Indy Explains: How the A’s stadium revenue ‘waterfall’ will repay public funds
As the Oakland A’s pitched state lawmakers on contributing up to $380 million in public financing for a new $1.5 billion baseball stadium in Las Vegas, one word kept coming up: “waterfall.”
Bill supporters and lawmakers aren’t talking about natural river formations or TLC’s smash 1996 hit — waterfall in this context refers to a funding mechanism where tax revenue generated inside the stadium goes toward paying back public bonds, filling up reserve funds to backstop the bonds and more in a prioritized order.
But how does that waterfall actually work?
Under the legislation (SB1) — which the Legislature approved Wednesday and awaits Gov. Joe Lombardo’s signature — the stadium would sit in a “sports and entertainment improvement district” created by Clark County commissioners. Tax revenues generated within that district would be pooled together to pay off the public funding for the stadium, a concept known as “tax-increment financing” (TIF), also known in this case as a “mega-TIF” because it would use all tax revenues and fees generated within the district.
Presenters of the bill have described the use of tax revenues generated from the stadium district as a “waterfall” that would start with payments on the principal and interest of the bonds issued by the county, then go toward other expenses including operations of the Las Vegas Stadium Authority and filling up a reserve account aimed at backing up bond payments if tax revenues come up short.
The public funding would come from a combination of up to $180 million in transferable tax credits from the state (which the A’s could sell to other businesses for cash), an estimated $120 million in bonds issued by the county and a $25 million credit from the county meant to address infrastructure needs around the stadium.
The analogy most used by bill supporters revolves around buckets — tax revenues “flow” into an identified priority account and then “overflow” into the next priority account. At the bottom of the waterfall, revenue would be used to reimburse the state for issued transferable tax credits and would simultaneously flow into a Clark County fund for supporting low-income housing.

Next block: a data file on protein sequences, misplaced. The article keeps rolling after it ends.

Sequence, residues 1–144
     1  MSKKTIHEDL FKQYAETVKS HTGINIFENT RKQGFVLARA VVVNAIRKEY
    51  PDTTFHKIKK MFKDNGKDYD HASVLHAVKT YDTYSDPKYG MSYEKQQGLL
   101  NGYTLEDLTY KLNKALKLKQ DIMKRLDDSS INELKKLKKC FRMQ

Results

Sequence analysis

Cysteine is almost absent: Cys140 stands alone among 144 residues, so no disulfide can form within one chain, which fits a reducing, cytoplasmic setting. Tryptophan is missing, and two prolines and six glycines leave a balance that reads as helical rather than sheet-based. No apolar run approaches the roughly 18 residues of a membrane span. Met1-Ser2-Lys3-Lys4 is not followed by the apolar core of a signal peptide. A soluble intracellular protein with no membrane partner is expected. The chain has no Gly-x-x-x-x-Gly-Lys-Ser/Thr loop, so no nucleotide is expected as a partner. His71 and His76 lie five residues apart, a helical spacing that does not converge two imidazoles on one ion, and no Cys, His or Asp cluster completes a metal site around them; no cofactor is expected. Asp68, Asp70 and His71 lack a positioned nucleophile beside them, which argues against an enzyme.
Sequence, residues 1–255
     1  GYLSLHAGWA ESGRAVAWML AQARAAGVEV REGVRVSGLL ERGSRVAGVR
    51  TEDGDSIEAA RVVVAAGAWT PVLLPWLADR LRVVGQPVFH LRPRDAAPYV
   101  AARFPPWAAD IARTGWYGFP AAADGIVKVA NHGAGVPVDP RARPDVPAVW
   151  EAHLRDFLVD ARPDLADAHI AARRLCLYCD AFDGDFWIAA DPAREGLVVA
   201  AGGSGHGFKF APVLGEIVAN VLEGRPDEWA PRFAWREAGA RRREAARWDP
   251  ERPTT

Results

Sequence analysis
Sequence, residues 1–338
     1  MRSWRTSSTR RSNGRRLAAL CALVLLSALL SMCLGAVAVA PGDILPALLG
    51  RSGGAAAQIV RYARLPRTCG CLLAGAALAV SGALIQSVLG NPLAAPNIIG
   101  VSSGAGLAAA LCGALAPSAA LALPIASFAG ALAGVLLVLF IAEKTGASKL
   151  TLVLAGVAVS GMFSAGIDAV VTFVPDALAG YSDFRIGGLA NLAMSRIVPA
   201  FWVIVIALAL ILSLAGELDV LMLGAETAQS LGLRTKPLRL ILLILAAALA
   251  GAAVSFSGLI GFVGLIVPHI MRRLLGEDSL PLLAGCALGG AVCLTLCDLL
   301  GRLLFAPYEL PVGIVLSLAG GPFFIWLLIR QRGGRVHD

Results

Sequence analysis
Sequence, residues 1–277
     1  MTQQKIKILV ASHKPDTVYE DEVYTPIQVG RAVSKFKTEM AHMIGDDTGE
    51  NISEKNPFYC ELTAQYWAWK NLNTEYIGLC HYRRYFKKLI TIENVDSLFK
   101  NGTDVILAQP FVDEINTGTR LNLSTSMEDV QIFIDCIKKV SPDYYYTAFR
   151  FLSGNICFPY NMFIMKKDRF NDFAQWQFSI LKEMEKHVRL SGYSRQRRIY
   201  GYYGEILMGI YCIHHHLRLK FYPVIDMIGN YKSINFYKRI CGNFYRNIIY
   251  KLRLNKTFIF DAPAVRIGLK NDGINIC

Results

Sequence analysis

An exact dollar figure of how much money would flow into each bucket is unclear. Though some of the priority accounts are clearly defined in the legislation, such as filling up a year of reserves equal to one year of average bond payments, many of the steps along the waterfall would depend on a variety of not-yet-determined factors, including how much Clark County ultimately issues in bonds, the interest rates on those bonds and the amount of revenue the stadium generates each year.
Stadium-generated revenues include taxes paid on the costs of the development and operation of the stadium — from construction material purchases to ticket sales and payroll taxes for stadium staff.
Stadium proponents are projecting that the construction process spanning 2024 to 2028 would generate $38.8 million in tax revenue, while annual operations of the ballpark would generate an average of $17 million in tax revenue.
The annual revenue projections were reviewed by Las Vegas-based economic consulting firm Applied Analysis, national investment banking company Goldman Sachs, Las Vegas-based financial consulting firm Hobbs, Ong & Associates, international sports consulting firm CSL and national financial advisory firm PFM (on behalf of Clark County).
In the event that tax revenues come in below expectations, the bill also outlines a series of remedies (including reserve accounts funded through the waterfall) to cover the losses. First, the county would rely on cash coverage (an entity’s ability to pay back obligations with available cash) to pay back the bonds. For every $1.50 generated in revenue, $1 would go toward bond payments, while the remaining 50 cents would go to the cash coverage account.
The next level of coverage would come from the state’s line of credit, which, under the bill, would be a $14 million cash appropriation earmarked in the State Infrastructure Bank — a state-operated revolving fund where any issued loans and interest are reinvested. Typically, infrastructure banks offer direct loans or credit enhancement products to help with infrastructure projects, typically focused on transportation.
Following that, the county could tap two years of reserve funding (each equal to a single year of the average bond payment) to backstop bond payments. Finally, if each of those layers of coverage is depleted in a worst case scenario that sees stadium revenues underperform for years on end, bond repayments would rely on the Clark County General Fund.
Below, The Indy breaks down where revenue generated from the stadium would go and what happens depending on the amount of revenue generated.
Audience Engagement Manager Kristyn Leonard designed the infographic for this story.